This weekend I spent a lovely afternoon at Masterchef Live at London's Olympia. As my husband pointed out I am a real housewife at heart and I like nothing more than to while away my time nibbling on samples of fudge and cheddar cheese, which is good as pretty much every other stand in the place was touting the 'creamiest' local fudge or cheese.
My absolute favourite stand of all was Mad Cow Fudge (from 'Uddersfield, geddit?), not only do they genuinely sell the best ever treacle toffee the lovely lady who served us was the most hilariously bitchy girl I have ever met.
Clearly this Northern lass was unimpressed by the London crowd, particularly the woman who demanded a sample, only to screw up her face in disgust declaring 'I don't like fudge'. 'So why did you ask for a sample?' asks our stalwart server. 'I just wanted to check that I still didn't like it'. I ask you. I am sure they went away convinced that it was grim down south.
We also tried our hand, courtesy of the lovely PR for Plenty kitchen towels at making Christmas chocolate. Much cackling ensued as jokes about getting coated in chocolate were cracked via text to our absent husbands, one of whom was convinced that we had strayed into the Erotica expo. Sadly that is next weekend and the only sausages we tasted were of the ourdoor-reared pure pork variety.
It was great fun as we got to play finger printing with melted chocolate, although my attempts at this delicate art looked as if I had let my toddler twins have a go. Which brings me neatly onto the preposterous suggestion that our teacher made that we try this at home with our children. My friend, who has a nice, well behaved six-year-old girl was very taken with this idea. But with my four unruly boys I was horrified.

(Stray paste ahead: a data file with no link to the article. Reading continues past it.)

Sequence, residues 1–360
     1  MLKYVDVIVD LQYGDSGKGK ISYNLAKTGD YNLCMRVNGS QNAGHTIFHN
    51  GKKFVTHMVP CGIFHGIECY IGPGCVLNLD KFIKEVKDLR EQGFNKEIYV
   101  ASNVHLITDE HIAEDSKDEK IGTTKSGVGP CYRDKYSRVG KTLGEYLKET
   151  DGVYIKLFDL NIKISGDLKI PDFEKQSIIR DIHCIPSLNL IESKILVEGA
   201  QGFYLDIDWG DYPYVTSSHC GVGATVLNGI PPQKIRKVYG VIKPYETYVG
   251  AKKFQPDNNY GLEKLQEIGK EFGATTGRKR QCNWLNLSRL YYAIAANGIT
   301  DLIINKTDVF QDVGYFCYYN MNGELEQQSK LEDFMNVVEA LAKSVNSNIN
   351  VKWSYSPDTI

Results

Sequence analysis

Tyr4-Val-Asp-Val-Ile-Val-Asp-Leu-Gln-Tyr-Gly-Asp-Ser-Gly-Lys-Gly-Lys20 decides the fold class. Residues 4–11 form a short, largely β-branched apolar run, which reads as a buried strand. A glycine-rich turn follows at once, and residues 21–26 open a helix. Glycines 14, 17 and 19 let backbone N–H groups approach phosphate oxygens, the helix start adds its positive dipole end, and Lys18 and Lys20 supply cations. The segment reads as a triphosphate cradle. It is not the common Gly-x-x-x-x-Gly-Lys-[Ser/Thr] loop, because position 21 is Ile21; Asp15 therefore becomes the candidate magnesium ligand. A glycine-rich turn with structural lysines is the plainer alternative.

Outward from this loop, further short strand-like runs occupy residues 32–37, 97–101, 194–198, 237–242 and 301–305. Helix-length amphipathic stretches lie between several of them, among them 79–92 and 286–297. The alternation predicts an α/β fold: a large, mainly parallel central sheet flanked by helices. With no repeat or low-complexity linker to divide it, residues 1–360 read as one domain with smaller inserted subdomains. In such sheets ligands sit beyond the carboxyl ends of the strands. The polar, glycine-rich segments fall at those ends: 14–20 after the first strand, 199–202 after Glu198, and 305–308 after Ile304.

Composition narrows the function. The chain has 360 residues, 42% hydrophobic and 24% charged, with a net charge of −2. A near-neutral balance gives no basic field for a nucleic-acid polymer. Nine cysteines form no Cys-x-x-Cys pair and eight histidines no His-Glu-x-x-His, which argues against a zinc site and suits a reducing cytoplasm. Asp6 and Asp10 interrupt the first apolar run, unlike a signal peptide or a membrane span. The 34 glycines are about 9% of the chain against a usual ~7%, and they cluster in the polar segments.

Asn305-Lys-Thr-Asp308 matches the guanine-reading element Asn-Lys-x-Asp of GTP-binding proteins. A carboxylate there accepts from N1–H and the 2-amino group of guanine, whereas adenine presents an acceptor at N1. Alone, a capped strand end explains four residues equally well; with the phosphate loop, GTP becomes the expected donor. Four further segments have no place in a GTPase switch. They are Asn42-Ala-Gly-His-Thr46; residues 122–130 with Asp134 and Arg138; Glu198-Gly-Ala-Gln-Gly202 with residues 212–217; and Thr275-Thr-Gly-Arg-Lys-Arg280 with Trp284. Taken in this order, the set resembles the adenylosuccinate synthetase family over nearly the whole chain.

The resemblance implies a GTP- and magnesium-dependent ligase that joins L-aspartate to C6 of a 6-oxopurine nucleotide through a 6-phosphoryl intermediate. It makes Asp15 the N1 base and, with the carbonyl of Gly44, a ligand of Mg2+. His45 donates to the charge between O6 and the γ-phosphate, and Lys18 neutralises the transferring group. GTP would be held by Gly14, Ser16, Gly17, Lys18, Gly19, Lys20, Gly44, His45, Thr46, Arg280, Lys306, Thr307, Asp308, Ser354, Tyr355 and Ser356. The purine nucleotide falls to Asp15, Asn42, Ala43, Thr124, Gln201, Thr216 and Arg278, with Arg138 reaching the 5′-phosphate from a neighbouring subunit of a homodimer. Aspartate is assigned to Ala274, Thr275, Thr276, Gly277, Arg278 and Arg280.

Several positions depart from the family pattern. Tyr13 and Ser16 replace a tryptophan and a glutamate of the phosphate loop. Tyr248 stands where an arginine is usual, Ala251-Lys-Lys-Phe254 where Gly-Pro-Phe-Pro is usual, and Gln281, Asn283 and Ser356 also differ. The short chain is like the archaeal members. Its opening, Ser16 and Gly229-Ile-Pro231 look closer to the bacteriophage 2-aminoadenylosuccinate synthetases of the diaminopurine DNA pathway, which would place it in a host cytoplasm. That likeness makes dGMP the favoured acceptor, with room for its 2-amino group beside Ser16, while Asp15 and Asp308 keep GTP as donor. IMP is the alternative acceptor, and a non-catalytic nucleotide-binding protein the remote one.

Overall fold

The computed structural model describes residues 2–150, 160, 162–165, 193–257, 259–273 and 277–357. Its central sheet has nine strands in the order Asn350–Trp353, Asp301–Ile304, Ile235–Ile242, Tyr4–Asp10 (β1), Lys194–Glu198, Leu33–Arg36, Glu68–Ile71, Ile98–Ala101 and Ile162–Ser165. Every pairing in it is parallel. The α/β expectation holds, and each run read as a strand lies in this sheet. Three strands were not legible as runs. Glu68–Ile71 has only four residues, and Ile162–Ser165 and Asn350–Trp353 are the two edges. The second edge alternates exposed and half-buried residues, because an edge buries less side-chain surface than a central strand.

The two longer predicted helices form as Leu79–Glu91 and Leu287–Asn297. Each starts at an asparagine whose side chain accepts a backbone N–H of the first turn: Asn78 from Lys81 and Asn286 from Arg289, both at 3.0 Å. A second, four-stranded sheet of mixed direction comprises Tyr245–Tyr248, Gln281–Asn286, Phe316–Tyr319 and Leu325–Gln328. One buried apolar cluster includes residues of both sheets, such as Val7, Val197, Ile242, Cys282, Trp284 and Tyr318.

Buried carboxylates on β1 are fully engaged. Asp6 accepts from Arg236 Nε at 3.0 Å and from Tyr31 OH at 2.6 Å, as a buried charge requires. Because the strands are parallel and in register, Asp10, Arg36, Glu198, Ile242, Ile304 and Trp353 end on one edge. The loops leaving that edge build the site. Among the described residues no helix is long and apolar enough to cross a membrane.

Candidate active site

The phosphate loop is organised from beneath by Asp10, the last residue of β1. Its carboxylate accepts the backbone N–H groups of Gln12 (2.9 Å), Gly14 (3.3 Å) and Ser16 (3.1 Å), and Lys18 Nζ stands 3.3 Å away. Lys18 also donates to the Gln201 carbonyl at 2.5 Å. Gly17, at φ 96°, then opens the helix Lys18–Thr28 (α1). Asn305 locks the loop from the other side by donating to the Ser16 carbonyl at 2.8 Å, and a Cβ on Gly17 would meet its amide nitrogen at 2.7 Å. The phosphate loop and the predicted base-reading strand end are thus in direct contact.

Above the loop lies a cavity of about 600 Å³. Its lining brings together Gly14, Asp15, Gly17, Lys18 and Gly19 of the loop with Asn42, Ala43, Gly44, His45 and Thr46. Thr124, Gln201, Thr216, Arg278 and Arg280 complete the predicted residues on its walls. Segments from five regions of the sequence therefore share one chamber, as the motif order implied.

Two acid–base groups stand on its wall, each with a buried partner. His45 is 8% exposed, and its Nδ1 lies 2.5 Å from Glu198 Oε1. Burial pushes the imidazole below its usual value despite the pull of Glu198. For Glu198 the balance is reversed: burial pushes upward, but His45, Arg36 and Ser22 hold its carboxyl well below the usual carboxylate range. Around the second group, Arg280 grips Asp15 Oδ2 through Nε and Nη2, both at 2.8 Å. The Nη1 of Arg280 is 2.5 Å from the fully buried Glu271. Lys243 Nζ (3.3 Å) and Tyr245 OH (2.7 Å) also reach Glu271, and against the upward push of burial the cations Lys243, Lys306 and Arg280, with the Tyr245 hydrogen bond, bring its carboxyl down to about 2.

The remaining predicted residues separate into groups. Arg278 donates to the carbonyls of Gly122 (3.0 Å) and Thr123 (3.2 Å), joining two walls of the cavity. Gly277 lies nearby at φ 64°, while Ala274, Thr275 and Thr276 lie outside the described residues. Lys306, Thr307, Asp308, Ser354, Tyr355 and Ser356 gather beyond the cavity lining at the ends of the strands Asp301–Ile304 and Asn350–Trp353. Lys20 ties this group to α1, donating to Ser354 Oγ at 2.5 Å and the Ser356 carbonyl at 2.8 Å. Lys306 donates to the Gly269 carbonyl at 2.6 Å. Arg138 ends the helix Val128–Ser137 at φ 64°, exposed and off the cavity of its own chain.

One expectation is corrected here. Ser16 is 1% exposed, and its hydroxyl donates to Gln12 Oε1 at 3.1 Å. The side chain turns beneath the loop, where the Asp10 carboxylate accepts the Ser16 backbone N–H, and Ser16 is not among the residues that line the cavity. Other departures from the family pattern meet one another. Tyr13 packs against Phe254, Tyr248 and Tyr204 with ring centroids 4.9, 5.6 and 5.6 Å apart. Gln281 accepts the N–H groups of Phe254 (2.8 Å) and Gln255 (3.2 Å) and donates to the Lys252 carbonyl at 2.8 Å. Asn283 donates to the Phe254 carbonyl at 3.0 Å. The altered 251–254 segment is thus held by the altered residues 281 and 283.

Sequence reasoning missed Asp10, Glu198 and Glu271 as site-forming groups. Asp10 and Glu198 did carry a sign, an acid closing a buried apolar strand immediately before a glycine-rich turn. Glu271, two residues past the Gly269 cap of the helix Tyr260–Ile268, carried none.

If I were to let loose my pack of little boys on a pot of molten chocolate, I would not end up with some pretty decorations for the tree, instead my whole house would be redecorated in sticky brown - not a colour I would choose from the Dulux chart.
The thing is, try as I did when my first was tiny, boys and arts and crafts mix like lemon juice and milk. In otherwords a revolting mess is the only way things ever end. My mother once let my son have a go doing some glitter cards for Christmas - and we were still picking shimmering flakes out of the carpet when we moved out three years later.
Mess is not the only problem. It takes time to set up a craft activity, laying out protective newspaper, finding scissors that are sharp enough to cut, glue that hasn't dessicated with disuse and play dough pots that still have their lids. This wouldn't be a problem if my boys actually played with all the paints and pens for more than a nanosecond, before losing interest and drifting off towards the nearest gadget with a screen.
I think perhaps I found the answer at Fine Burger Company in the O2 Centre yesterday though. It has touch screen computers set up at the tables where you can do finger painting and stamping onscreen. Needless to say the boys were transfixed and I had the most peaceful meal out with children that I have had since the first one was born.